NATURE NOTES - A frosty reception

WE WERE out in the woods on our weekend wander and it was absolutely freezing!

The sky was the palest blue with not a cloud to be seen – the sun was doing its best to warm us but the wind was one of those lazy ones that blows straight through you instead of going round.

It was incredibly quiet, we stopped a few times to listen if we could hear any birds but not a thing. They must have been all ‘utched’ up to one another keeping warm.

The ground was very noisy though – the frost had set hard and every time you put a foot down it made a lovely ‘crunching’ sound.

The majority of trees had decided that they had had enough of their leaves and most were now on their way to being bare. The fallen leaves had all been dusted by frost – looking more like icing sugar – and the sun made them sparkle like the very best Christmas decorations.

I was joking with the girls saying that Jack Frost had been and sprinkled them during the night. Who? Says Tanith.

I explained that Jack Frost is a figure believed to have originated in Viking folklore, an elfish type of creature who personifies crisp, cold, winter weather. Jack is said to leave those frosty crystal patterns on leaves and windows on cold mornings to remind us that it is his time - Winter. It is also thought that we derived the name Jack Frost from the Norse character names, Jokul (icicle) and Frosti (frost).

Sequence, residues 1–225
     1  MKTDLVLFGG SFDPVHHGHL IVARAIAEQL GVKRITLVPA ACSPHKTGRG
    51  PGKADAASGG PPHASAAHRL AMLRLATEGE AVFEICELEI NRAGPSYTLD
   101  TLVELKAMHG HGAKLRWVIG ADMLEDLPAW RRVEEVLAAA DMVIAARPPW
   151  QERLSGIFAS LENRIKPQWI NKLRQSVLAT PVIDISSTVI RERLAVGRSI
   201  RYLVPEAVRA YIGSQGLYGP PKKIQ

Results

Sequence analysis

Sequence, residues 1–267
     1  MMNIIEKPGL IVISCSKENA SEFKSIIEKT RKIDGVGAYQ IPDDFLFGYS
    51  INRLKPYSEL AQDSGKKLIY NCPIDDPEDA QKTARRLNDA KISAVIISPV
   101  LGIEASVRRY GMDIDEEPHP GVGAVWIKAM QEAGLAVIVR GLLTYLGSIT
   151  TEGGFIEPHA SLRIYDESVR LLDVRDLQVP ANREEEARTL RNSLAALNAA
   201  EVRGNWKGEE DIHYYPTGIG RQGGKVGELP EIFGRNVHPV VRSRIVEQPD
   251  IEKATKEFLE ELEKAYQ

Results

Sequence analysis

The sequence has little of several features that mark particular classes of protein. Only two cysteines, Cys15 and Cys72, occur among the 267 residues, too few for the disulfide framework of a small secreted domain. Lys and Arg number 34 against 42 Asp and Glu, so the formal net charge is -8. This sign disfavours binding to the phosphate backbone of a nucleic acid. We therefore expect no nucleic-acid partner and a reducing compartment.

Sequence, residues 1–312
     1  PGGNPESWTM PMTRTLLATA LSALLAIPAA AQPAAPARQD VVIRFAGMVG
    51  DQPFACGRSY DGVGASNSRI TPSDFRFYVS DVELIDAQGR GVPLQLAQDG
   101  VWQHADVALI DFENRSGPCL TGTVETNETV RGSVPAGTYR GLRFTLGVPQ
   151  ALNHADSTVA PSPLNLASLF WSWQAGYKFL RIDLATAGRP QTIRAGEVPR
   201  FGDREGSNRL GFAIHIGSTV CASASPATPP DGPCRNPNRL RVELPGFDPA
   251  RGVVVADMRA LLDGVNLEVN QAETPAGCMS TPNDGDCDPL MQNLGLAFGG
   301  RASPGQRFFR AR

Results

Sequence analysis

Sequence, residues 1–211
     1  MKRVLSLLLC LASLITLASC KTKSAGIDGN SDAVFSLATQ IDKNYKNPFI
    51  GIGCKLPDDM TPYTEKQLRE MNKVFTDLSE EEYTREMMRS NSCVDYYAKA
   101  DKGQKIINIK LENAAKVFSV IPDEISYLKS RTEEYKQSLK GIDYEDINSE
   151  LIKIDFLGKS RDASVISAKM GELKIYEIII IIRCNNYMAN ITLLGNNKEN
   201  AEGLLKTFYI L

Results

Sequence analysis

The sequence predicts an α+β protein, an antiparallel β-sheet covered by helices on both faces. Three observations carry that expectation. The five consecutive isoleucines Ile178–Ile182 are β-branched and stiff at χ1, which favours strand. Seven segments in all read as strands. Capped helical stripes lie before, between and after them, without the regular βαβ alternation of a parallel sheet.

Other cultures had frost beings too. Frost Woman and Frost Man were weather deities in Finland and northern Russia. They controlled cold weather events in their domains, from frost to blizzards. In another part of Russia, Father Frost was a blacksmith who forged chunks of ice and sent them to Earth. The Germans had Mother Frost, who shook white feathers from her bed which fell on Germany as frost and snow.

In reality frost most often forms on cold, clear windless nights, or nights with very light winds. The air temperature near the ground falls below frost point - the temperature to which air must be cooled (at constant humidity) to achieve saturation with respect to ice at or below 0 C. Interestingly, this can happen when the air temperature is above freezing.

Frost forms first on rocky, glass and metal surfaces, things that lose heat most quickly.

That is why you will often have your car windshields frosted over while there is no frost on the surrounding ground.

There are two forms of frost: rime and hoar. Rime frost occurs when the rate of frost formation is rapid, usually under conditions of high water content in the air (vapour and/or liquid) and at least moderate wind speeds.

Rime formation is common during fogs where supercooled or near-freezing water droplets come in contact with subfreezing surfaces.

Rime frost has a grainy appearance, like sugar or salt, forming spikes, needles, or feathers and not having a recognizable crystal structure.

Rime is opaque, less transparent than glaze ice formed during freezing rain episodes. Rime is denser and harder than hoar frost.

But I still prefer to think that Jack Frost has been a calling!